How do you develop "footsies"..?


#1

I just got finished reading the Handbook and, needless to say, it was pretty daunting. While I do feel like I learned a little something, I still don’t particularly understand the entire scope of it all. So, I guess what I’m asking is, how did you guys go about developing this “skill” as it were? From just playing SFxT, I would have tremendous trouble with playing the neutral game and opening more intelligent players up, so I think understanding as much as I can about this subject would help my game tremendously.


#2

Put out normals that stop the opponent specifically. and you want to pick some thing that keeps your hurtbox out of the way. the best footsie is standing still in neutral in a good distance. its all about moving around keeping you safe and stopping your opponent from getting in. while anything you throw out will stop anything they try.

To get better at this takes time and experience, every different character you face will call for an altered footsie. Knowing frame data/playing Endless really helps with this. Switching the pace of your movement and finding the habits of what you press for no reason, you want to have a specific reason to why you pressed the button as well as think about if they seen you or not. Good players will recognize why you threw that and then not give you what you want. This is the element some new players ignore so they keep trying their magical button as if the opponent is just gonna fly right into it.

Hope this helped.

PS: Footsie doesn’t always mean push a button, it can just mean bait an overhead (or jump) from sitting down or bait a sweep by standing up and walking into the range then blocking last minute


#3

It’s a good handbook, but knowing the theory behind it is only half the battle. Footsies isn’t something that you can head into training mode and develop easily. It requires a unique knowledge/experience combination of spacing fundamentals, game knowledge, and player psychology.

But it helps to take it one step at a time. Luckily, the handbook does a very good job explaining basic aspects and showing off video examples (even though some of the links are now dead). Take one chapter and dedicate one training sessions to practicing and understanding that one example. You can spend time in training mode to practice it, but it’s best to do it against live opponents.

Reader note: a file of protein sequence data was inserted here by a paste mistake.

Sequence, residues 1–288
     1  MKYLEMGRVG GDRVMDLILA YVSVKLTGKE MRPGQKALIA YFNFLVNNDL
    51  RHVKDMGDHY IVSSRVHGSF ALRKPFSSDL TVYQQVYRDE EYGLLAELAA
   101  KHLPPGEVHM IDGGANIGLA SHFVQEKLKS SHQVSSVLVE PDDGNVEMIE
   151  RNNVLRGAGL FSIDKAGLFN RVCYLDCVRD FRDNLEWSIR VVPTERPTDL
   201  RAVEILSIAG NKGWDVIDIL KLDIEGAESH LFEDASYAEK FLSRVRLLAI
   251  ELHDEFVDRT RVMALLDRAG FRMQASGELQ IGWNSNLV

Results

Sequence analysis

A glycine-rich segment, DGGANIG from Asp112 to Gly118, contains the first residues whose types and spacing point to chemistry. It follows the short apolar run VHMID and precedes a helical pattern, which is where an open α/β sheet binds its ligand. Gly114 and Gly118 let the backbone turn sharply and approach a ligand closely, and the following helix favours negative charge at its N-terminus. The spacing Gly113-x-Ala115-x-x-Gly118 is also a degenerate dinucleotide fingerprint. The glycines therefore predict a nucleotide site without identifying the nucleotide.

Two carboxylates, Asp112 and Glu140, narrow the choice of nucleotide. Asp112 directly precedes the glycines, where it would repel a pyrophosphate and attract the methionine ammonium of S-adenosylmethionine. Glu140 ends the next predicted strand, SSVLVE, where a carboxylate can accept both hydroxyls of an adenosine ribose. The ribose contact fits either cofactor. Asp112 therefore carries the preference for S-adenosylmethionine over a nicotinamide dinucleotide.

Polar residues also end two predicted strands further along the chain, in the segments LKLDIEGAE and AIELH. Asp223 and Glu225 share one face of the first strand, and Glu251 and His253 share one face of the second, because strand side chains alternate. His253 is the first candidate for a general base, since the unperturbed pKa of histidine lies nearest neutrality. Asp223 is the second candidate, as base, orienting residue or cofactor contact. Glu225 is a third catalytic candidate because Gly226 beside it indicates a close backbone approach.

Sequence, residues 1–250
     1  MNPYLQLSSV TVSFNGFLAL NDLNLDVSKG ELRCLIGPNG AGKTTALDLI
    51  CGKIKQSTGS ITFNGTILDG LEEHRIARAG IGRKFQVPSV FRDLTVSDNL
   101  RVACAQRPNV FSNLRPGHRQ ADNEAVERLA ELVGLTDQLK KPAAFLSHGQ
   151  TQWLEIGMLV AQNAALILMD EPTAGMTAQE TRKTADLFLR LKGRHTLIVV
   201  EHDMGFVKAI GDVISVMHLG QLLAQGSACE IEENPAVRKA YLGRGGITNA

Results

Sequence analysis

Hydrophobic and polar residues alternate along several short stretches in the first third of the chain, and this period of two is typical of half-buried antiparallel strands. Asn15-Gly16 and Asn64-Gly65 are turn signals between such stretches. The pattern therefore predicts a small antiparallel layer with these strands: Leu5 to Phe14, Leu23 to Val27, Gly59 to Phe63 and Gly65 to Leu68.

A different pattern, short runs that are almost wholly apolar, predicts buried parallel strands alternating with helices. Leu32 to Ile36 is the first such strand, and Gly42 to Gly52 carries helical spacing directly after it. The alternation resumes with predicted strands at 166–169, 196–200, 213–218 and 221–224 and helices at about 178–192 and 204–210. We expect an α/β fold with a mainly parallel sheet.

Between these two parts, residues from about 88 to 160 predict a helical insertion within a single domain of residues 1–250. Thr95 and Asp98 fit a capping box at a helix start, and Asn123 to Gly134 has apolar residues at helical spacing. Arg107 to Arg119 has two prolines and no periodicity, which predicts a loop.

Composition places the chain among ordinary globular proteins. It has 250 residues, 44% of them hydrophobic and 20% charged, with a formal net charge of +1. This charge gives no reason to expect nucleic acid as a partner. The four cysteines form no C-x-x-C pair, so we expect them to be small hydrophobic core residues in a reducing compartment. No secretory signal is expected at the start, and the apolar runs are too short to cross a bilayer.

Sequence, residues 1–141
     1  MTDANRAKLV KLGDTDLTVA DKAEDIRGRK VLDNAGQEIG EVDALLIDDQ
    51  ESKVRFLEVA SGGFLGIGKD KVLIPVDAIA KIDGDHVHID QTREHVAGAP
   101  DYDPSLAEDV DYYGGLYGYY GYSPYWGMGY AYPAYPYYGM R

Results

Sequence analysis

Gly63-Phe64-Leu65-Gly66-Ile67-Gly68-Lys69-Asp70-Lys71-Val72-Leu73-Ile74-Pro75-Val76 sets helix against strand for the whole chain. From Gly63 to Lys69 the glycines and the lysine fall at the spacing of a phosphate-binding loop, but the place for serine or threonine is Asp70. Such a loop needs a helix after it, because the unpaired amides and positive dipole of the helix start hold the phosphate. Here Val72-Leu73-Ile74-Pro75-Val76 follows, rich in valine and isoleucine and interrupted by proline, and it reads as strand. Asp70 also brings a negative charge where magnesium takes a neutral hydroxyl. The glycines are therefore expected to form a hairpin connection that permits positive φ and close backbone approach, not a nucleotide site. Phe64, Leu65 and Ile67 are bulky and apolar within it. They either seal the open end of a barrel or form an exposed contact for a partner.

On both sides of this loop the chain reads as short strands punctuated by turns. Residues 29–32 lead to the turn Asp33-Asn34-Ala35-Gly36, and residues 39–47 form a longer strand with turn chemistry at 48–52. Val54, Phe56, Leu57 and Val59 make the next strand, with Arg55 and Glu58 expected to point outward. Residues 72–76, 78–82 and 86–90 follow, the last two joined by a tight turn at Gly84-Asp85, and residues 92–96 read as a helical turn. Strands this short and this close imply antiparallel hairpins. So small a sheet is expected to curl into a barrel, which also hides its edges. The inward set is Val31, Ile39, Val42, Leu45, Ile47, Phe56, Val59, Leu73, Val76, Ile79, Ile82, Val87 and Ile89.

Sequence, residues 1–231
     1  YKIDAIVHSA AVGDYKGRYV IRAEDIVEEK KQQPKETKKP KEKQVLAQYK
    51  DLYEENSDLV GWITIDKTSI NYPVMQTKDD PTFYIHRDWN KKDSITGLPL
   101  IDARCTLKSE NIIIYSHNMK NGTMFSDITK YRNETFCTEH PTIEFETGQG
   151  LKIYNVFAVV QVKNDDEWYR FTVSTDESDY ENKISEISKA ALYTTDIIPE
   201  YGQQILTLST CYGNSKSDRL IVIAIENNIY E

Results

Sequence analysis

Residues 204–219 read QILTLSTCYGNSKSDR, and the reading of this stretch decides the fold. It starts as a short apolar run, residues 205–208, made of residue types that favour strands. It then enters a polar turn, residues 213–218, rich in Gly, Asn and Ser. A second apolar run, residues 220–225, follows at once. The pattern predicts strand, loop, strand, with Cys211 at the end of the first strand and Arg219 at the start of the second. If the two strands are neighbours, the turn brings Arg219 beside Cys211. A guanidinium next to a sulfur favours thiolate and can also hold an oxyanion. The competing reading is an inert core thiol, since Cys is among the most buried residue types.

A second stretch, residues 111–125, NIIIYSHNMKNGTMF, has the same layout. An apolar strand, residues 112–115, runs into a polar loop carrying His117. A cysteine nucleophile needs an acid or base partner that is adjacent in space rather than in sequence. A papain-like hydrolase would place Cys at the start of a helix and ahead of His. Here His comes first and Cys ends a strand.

For example, whiff punishing. A pretty basic idea involving punishing your opponent’s slow whiffed normal/special moves. A good way to practice it would be to set a Ryu training dummy to randomly shift back and forth while doing cr.hk. Adjust the timing and ranges. Then, when you play it back, practice learning to react to it with a sweep or something similar that’s fast enough to punish it. Your goal isn’t to beat the move as it starts, you want to hit Ryu as he’s retracting his leg. Once you nail it, have Ryu do cr.mk instead and practice hitting it. Since the move is faster and has more range, it’ll be more difficult, but it is possible. After that, have him alternate between doing cr.lk, cr.mk, and cr.hk, and learn to identify and react to it. Once you can do that fairly well, you can probably try it against live opponents, and see what kind of results you get.

Keep in mind that not every trick is going to feel natural to you, or it might not even fit your playstyle at all. Regardless, it’s important to understand and TRY each aspect before deciding for yourself whether or not it’s worth investing time to learn, or you can pass it up and try something else.


#4

Players with the best footsies always have an answer, and a good one at that, to the question, “why did I make this move in this situation?”

If you’re doing moves just to do them, you will have bad footsies.

Every move you can make serves a purpose, the trick to good footsies is being able to determine which of those moves to use (and sometimes not to use a move at all) in what situations.